To add this new user control to a Windows form, select the File|Add Project|New Project menu item to add a new Windows form project to the current solution; I've named this new project TestApplication in the UserControls example on the CD-ROM. Because you can't run user controls directly, you should make the new text application the startup project for the whole solution by selecting that project in the Solution Explorer, followed by the Project|Set as Startup Project menu item.
The next step is to add a new user control of the type we've created to the main form in the text application. To do that, we'll need a reference to the user control's project, so right-click the test application's References item in the Solution Explorer, and choose the Add Reference menu item, opening the Add Reference dialog you see in Figure 24.3. To add a reference to the UserControls project, click the Projects tab and double-click the UserControls item, adding that item to the Selected Components box at the bottom of the dialog, and click OK.
This adds the user control to the toolbox of the text application, as you see in Figure 24.4. You can now add a user control, UserControl11, to the test application's main form, as you would any other control. You can see this new user control in Figure 24.4, and you also can see our custom property, Display Color, in the Properties window. (In fact, because we've declared this property as type Color, Visual Basic will display a drop-down list of palette colors you can select from if you select this property in the properties window.) In this example, I've selected the color Aqua as the background color for use in our user control; you can see that color (in glorious black and white) in the user control in the test application's main form shown in Figure 24.4.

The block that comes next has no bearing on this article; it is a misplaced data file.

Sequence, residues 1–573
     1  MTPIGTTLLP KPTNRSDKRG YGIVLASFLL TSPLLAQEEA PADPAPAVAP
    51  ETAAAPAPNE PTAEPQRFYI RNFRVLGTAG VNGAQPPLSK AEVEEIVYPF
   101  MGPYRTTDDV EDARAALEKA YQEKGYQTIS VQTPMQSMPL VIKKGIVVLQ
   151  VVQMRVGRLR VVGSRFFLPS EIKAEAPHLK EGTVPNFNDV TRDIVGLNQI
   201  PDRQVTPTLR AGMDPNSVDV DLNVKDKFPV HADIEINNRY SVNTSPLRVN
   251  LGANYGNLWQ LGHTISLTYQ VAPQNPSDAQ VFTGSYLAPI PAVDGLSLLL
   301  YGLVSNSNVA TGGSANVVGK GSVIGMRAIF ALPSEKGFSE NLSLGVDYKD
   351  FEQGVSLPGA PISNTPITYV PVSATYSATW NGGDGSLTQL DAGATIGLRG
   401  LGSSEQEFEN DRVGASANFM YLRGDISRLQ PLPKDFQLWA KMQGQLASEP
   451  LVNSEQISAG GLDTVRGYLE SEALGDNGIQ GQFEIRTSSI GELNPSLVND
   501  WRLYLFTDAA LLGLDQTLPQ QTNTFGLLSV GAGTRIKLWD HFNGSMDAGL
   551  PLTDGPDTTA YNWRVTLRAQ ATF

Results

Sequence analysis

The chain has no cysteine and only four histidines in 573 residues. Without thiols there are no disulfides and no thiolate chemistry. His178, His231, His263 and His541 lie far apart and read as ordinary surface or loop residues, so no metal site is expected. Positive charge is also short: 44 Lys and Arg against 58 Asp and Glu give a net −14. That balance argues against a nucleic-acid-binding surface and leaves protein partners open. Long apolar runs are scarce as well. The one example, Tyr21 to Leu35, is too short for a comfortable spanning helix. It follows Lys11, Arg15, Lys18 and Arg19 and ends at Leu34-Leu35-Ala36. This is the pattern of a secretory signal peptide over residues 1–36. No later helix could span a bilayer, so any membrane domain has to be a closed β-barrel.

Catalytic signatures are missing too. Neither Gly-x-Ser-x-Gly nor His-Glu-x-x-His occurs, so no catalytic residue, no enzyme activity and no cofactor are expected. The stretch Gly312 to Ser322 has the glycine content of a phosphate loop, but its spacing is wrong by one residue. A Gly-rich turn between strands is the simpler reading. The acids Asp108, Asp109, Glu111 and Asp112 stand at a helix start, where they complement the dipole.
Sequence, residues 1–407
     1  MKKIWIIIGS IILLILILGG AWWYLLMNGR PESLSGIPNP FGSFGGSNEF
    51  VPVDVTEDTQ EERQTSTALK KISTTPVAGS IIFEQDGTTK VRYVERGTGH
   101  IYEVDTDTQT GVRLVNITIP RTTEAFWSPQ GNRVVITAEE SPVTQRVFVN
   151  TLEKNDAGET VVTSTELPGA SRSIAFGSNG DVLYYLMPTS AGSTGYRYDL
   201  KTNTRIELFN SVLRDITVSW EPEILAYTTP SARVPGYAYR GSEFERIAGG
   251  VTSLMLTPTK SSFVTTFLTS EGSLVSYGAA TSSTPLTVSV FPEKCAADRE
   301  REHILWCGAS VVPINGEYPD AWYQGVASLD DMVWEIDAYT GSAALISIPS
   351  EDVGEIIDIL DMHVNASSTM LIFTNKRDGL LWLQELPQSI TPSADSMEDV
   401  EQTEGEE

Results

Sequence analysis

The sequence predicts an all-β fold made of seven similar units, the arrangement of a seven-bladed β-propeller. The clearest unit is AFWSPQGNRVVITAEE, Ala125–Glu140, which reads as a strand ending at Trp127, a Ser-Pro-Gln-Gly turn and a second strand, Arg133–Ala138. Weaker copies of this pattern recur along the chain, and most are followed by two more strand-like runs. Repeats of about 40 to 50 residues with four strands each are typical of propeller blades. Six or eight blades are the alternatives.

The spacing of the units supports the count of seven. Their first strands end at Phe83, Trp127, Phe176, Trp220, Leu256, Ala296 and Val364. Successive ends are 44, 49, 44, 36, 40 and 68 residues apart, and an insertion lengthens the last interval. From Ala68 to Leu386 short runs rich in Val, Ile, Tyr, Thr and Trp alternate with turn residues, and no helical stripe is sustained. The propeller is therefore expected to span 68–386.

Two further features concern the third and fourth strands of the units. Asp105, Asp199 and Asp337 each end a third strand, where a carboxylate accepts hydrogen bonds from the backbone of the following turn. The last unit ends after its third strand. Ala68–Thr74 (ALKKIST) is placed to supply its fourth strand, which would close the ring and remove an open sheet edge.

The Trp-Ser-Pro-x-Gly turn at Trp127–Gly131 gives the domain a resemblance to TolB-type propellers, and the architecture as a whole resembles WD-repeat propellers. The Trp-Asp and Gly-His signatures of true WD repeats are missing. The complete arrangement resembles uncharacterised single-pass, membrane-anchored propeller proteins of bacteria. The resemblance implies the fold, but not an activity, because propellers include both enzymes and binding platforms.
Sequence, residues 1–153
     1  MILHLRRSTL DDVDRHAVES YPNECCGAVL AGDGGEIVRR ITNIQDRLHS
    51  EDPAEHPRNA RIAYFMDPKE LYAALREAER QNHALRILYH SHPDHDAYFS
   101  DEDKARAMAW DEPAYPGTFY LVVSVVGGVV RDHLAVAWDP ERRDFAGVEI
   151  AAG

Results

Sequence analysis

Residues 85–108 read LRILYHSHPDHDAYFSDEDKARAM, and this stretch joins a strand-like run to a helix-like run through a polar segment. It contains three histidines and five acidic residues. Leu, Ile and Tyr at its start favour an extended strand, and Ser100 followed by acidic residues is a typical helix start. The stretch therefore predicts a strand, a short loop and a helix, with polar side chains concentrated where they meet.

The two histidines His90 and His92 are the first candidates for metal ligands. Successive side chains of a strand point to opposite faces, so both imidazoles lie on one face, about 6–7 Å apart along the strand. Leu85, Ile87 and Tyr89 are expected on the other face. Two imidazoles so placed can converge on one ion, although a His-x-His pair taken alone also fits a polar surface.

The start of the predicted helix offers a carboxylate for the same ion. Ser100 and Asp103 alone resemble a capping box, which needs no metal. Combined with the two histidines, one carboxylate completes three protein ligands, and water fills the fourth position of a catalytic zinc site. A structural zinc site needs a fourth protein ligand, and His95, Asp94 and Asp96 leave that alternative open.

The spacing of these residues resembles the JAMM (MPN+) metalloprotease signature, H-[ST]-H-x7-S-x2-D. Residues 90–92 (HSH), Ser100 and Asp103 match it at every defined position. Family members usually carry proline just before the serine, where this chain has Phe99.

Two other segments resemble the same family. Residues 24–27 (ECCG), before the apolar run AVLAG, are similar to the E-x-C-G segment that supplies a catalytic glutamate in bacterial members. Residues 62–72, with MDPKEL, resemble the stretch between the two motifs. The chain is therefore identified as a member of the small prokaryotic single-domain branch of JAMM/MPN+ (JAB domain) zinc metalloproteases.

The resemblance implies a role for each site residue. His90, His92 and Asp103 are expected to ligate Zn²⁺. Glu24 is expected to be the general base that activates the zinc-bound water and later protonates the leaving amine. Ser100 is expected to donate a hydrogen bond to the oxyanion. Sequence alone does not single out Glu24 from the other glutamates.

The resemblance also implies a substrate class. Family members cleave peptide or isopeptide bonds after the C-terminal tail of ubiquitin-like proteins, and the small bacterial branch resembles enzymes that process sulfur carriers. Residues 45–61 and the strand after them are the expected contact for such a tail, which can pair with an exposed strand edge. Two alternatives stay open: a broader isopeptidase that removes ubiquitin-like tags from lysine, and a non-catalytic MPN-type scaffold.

Besides setting the DisplayColor property, I also can use the new control's SetText method. To do that, I've added the "Click Me" button you can see in Figure 24.4, and used that button's Click event handler to set the text "Hello!" in the user control, like this:
Private Sub Button1_Click(ByVal sender As System.Object, _ ByVal e As System.EventArgs) Handles Button1.Click UserControl11.SetText("Hello!") End Sub
When the text in the control changes, that control causes a TextModified event, and we can add code to that event's handler just as you would any other control's event (that is, by using the drop-down list boxes at the top of the code designer for the test application's main form). In this example, I'll display the new text in a text box when the TextModified event occurs:
Private Sub UserControl11_TextModified(ByVal NewText As String) _ Handles UserControl11.TextModified TextBox1.Text = "New text: " & NewText End Sub
Now I can run the test application, giving us the result you see in Figure 24.5. You can see the user control in that figure, and when I click the button, the text in the control is set to "Hello!", as it should be, the TextModified event occurs, and the text box in the example handles that event, displaying the new text.
And that's all we've needed to do to create a new user control, complete with a property, method, and event.